Monroe and his teammate, future Naismith Basketball Hall of Fame inductee Wes Unseld, quickly became a formidable combination in Baltimore, and Monroe became a cult hero for his ability to run the fast break and for his circus-like shots. He said, "The thing is, I don't know what I'm going to do with the ball, and if I don't know, I'm quite sure the guy guarding me doesn't know either." On February 6, 1970, he set an NBA record with 13 points in one overtime in a double-overtime victory over the Detroit Pistons (another mark since surpassed by Arenas).
In 1968–1969, Monroe averaged 25.8 points, 4.5 assists and 3.9 rebounds, as the Bullets finished 57–25 under coach Gene Shue, capturing the Eastern Division title. However, the Bullets were swept by the New York Knicks 4–0 in the playoffs after receiving a bye.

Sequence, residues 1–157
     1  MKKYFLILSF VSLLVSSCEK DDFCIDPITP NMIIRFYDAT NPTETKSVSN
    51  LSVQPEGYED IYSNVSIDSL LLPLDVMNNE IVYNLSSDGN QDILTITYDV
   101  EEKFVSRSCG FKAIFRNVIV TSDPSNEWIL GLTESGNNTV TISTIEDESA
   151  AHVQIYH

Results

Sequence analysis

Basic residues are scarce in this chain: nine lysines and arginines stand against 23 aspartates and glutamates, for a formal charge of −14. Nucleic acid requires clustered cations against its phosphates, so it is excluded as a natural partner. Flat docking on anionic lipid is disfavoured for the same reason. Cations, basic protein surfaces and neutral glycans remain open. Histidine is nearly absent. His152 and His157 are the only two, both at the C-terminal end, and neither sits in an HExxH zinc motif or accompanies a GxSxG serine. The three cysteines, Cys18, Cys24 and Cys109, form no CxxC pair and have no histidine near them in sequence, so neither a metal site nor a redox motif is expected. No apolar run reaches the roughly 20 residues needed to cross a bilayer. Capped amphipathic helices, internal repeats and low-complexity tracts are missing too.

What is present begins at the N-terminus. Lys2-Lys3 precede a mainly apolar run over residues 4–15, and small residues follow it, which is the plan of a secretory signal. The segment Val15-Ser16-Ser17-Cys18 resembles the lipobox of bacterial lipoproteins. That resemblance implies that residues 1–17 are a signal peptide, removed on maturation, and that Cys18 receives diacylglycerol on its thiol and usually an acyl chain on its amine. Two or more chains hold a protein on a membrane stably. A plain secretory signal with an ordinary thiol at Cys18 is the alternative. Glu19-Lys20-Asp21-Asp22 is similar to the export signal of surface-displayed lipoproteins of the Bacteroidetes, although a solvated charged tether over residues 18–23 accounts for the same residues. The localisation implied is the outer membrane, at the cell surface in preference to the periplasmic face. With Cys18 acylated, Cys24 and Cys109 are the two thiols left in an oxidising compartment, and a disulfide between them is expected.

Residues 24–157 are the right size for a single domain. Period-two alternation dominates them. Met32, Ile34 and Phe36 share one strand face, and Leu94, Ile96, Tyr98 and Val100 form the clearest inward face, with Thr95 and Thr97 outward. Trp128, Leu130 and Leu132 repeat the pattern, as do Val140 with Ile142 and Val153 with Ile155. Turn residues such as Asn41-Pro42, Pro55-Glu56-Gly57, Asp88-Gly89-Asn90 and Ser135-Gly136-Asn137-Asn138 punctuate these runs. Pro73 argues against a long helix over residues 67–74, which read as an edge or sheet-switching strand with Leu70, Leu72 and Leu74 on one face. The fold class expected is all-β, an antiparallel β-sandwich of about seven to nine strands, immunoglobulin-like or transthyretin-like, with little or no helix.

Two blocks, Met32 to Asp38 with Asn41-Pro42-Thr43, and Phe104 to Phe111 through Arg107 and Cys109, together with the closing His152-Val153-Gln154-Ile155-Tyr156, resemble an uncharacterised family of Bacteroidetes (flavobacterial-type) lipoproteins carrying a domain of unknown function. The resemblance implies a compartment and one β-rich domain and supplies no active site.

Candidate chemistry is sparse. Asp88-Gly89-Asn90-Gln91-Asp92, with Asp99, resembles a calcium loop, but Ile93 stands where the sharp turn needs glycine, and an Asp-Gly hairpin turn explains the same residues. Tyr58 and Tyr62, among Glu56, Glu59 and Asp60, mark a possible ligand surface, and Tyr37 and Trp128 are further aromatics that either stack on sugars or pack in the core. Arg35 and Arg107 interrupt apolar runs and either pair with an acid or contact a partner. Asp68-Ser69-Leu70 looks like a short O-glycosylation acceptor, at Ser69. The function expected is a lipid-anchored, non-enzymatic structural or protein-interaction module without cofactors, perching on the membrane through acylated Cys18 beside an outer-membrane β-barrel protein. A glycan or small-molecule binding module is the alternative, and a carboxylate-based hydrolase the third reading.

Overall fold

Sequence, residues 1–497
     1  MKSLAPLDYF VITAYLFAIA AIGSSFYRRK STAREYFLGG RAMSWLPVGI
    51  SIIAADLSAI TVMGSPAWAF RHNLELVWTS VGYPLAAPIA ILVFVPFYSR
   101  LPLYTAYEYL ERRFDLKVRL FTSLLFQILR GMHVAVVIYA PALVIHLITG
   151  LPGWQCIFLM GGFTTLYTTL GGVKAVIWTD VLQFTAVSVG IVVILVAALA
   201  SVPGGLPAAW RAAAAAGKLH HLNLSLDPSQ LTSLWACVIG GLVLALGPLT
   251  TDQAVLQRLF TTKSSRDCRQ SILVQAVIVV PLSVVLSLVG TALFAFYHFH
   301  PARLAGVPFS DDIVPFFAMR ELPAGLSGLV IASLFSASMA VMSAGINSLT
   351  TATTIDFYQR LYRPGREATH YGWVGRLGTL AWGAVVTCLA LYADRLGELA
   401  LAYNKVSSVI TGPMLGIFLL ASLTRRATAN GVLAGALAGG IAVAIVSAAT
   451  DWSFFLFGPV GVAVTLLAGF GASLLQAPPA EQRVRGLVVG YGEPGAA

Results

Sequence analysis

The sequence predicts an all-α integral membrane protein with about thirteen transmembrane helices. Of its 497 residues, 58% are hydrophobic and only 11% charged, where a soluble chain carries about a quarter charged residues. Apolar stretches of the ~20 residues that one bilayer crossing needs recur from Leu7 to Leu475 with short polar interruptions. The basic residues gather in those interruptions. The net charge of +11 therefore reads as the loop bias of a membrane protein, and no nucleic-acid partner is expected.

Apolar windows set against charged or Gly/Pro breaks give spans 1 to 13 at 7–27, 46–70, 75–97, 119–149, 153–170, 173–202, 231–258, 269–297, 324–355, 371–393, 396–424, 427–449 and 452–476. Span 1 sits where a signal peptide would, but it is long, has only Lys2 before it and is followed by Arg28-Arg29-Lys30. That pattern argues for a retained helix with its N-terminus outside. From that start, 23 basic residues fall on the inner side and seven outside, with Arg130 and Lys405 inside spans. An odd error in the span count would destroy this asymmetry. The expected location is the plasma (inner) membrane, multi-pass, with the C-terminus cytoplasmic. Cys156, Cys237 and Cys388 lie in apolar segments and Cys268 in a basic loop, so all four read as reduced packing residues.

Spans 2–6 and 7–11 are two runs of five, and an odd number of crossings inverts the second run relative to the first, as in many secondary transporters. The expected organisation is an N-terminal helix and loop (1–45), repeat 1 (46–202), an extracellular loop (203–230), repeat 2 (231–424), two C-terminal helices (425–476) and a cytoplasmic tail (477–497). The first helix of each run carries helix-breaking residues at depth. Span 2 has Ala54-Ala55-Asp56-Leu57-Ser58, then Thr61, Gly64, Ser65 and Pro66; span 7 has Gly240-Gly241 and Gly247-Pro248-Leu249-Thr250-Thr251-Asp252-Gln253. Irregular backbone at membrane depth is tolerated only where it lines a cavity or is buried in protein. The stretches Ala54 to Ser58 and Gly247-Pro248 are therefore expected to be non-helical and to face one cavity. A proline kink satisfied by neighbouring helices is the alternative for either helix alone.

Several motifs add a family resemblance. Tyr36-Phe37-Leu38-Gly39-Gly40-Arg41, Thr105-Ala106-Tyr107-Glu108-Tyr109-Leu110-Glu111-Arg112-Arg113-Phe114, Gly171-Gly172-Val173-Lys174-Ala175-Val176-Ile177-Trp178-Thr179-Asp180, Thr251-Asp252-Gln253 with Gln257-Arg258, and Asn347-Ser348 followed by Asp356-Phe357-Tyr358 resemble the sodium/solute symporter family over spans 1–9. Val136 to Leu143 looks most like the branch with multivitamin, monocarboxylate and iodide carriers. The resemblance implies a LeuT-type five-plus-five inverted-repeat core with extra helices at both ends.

The Bullets finished 50–32 in 1969–1970, as Monroe averaged 23.4 points, 4.9 assists and 3.1 rebounds, but did not make the NBA All-Star team. Oscar Robertson, Walt "Clyde" Frazier, Tom Van Arsdale, Hal Greer, and Flynn Robinson were the guards selected. The Bullets were again beaten by the Knicks 4–3 in the playoffs.
In 1970–1971, the Bullets finished 42–40 under Coach Shue and captured the Central Division title. Monroe averaged 21.4 points, 4.4 assists and 2.6 rebounds. In the Eastern Conference playoffs, the Bullets defeated the Philadelphia 76ers 4–3, and then defeated the Knicks 4–3 in the Eastern Conference Finals to reach the 1971 NBA Finals. Monroe averaged 23.0 points, 4.0 assists and 3.4 rebounds in the Philadelphia series. He then averaged 24.4 points, 4.3 assists and 3.4 rebounds against the Knicks, including 26 points, 6 assists and 5 rebounds in the 93–91 Bullets' Game 7 victory.